Then this is the new project which is a little stagnant....decking would have cost 2.8K! so we may just turf or gravel things. I am getting a little concerned that this is a big hole for September....
 I love a cape fuchsia although they can be a little rampant, but everyone needs something rampant at the bottom of their garden to liven things up....
Things are slowly padding least the bananas are taking and the Dahlias are alive, however most are still under 1ft....

 Again all a bit emptier than I was imagining...I think Im realising how poor and dry the soil is here, so I am working my muscles carrying up watering cans as the hose doesn't reach this far....
 Middle bed with the same Ricinus problem, my Tithonias also appear to be holidaying elsewhere....
 The Ecremus and Cobea are making a good job of getting going....

 Salvia bethellii
Tetrapanax and tree ferns....

Wednesday, 10 July 2013

Digging out the tweed and clipboards: Becoming part of the National Gardens Scheme

Apologies for being a bad blogger! The weeks have gone by and I have filled my month of being a tennis widow with Steven going off to be an umpire at Wimbledon with everything except blogging. Artistically I’ve been producing a few different oil paintings that I’m happy with, I have been experimenting with hypertufa sculpture, trying to be a good beekeeper and of course gardening. I plan on a few shorter posts to follow if I’m brave enough to share my paintings.....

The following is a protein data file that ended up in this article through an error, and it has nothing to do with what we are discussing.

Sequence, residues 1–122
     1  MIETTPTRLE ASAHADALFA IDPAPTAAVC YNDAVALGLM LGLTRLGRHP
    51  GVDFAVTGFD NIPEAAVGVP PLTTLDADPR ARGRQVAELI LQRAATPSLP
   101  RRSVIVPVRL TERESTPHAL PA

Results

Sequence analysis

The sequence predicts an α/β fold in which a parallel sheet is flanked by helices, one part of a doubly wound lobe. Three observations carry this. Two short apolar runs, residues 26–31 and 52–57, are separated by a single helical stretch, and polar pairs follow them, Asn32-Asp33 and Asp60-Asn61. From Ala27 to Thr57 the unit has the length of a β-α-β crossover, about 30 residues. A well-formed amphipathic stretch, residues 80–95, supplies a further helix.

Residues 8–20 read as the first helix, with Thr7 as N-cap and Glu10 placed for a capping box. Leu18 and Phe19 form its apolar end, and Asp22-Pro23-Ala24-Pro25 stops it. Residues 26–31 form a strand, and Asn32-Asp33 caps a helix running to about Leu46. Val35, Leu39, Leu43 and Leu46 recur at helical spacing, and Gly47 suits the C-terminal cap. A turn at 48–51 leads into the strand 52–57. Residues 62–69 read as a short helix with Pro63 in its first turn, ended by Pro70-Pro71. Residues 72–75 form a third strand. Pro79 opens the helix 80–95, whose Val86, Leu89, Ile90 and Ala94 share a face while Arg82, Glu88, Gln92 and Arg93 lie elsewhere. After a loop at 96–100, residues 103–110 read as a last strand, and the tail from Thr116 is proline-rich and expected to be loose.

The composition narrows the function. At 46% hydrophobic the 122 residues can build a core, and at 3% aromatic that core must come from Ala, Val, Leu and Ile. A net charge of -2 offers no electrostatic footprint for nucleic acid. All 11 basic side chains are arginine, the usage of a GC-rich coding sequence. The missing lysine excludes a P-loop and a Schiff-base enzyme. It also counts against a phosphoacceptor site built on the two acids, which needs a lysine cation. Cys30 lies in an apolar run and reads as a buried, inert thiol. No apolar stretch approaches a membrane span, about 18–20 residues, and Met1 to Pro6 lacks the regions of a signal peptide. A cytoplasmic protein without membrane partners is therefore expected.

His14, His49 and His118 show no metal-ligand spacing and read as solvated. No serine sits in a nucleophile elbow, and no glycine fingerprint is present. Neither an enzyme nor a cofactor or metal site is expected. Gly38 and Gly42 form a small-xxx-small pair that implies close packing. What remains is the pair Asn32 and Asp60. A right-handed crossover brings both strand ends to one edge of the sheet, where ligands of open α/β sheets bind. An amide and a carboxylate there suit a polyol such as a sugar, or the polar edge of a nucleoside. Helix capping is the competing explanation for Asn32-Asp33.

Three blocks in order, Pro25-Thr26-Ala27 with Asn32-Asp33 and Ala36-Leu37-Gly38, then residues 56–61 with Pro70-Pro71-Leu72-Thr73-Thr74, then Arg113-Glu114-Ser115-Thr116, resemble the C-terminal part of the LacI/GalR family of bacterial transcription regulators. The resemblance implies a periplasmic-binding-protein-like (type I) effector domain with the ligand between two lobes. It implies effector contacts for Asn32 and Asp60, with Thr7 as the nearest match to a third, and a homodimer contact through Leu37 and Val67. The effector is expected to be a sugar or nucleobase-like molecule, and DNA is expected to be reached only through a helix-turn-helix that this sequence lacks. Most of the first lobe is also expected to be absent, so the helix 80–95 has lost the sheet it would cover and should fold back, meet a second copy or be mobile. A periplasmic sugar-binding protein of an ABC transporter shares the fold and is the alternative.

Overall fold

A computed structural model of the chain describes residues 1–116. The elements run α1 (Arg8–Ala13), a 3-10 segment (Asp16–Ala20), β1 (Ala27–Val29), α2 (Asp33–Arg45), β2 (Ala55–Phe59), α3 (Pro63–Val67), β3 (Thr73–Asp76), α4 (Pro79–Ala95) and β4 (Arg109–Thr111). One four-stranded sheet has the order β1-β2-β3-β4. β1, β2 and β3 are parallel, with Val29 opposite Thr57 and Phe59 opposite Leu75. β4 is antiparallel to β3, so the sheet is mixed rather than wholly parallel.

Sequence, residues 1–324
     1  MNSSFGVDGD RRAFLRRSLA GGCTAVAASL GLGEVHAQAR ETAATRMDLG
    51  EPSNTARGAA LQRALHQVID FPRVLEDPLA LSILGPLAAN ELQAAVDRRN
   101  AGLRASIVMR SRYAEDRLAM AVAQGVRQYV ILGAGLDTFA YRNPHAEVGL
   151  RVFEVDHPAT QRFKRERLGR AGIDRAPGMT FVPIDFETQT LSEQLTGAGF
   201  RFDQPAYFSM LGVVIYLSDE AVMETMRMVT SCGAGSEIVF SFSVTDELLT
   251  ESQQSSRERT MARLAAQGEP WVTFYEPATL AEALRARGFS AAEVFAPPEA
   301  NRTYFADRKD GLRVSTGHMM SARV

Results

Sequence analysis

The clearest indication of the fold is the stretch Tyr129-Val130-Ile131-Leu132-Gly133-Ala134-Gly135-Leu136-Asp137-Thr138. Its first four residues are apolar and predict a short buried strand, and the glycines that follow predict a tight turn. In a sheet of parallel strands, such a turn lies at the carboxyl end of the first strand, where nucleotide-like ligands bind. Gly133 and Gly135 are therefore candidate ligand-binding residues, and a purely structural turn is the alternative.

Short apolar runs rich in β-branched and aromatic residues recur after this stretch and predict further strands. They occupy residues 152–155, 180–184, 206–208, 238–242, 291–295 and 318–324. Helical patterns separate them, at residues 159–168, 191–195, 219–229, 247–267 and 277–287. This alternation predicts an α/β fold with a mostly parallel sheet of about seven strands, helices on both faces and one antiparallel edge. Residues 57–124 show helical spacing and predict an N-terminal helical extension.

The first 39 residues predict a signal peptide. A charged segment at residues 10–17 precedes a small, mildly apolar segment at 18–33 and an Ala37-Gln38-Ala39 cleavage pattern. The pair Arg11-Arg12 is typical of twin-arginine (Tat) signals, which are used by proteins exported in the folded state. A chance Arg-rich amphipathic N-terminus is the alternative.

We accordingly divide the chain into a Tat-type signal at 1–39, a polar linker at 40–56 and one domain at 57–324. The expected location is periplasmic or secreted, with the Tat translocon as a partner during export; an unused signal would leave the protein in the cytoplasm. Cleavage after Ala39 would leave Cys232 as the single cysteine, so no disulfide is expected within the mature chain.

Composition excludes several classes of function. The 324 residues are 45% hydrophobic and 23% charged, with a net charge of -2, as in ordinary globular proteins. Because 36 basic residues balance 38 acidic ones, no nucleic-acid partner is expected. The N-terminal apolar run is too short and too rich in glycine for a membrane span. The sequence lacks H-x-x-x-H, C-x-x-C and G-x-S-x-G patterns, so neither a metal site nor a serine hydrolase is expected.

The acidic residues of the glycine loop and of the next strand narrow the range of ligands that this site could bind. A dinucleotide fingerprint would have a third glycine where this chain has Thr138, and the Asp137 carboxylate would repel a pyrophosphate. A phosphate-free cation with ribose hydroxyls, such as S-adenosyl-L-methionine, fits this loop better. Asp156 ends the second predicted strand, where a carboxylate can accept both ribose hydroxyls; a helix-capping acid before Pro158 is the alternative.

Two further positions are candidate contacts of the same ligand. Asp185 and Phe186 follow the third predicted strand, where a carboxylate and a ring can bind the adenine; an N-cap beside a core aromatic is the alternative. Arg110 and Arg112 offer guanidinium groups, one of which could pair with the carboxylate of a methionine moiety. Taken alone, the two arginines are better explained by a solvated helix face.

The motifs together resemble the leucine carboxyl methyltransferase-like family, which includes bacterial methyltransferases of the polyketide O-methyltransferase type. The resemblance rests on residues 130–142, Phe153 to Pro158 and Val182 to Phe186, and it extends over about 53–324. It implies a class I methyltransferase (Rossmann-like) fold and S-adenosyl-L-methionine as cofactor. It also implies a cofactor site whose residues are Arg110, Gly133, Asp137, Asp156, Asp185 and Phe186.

Object trouve
However the big thing is that I have volunteered to get more involved in the National Gardens Scheme itself...yes the time has come, and I hope to become an area organiser. These are the people of the NGS that people think of, the stern faced, tweed wearing people with clipboards...... I will be doing all I can to reinforce this stereotype (sadly it isn’t true of the people I have met)

So an exciting beginning, and last week I went off to meet Penny, the current chair and London organiser who amazingly used to cover all of London by herself! It was very exciting to meet her properly and see her garden...after all you expect big things of organisers gardens, and it didn’t disappoint....Clearly she is also a good egg as she keeps bees, and also has chickens and a garden that could (probably has been) featured in many magazines.  See it for yourself as it opens this weekend (Cobham)

There is a lot to live up to, and I am looking forward to this new volunteering as I do love the NGS and am very happy to support it. In terms of the role its self it is also mainly about supporting people from ‘my territory’ who are on the scheme and find new gardens to encourage them to open. I also think it will fit in well with what I do as I already like visiting gardens, and love the characters that you meet along the way.  I also hope to use this blog to preview new gardens and tell of adventures I am having along the way.  Hurrah!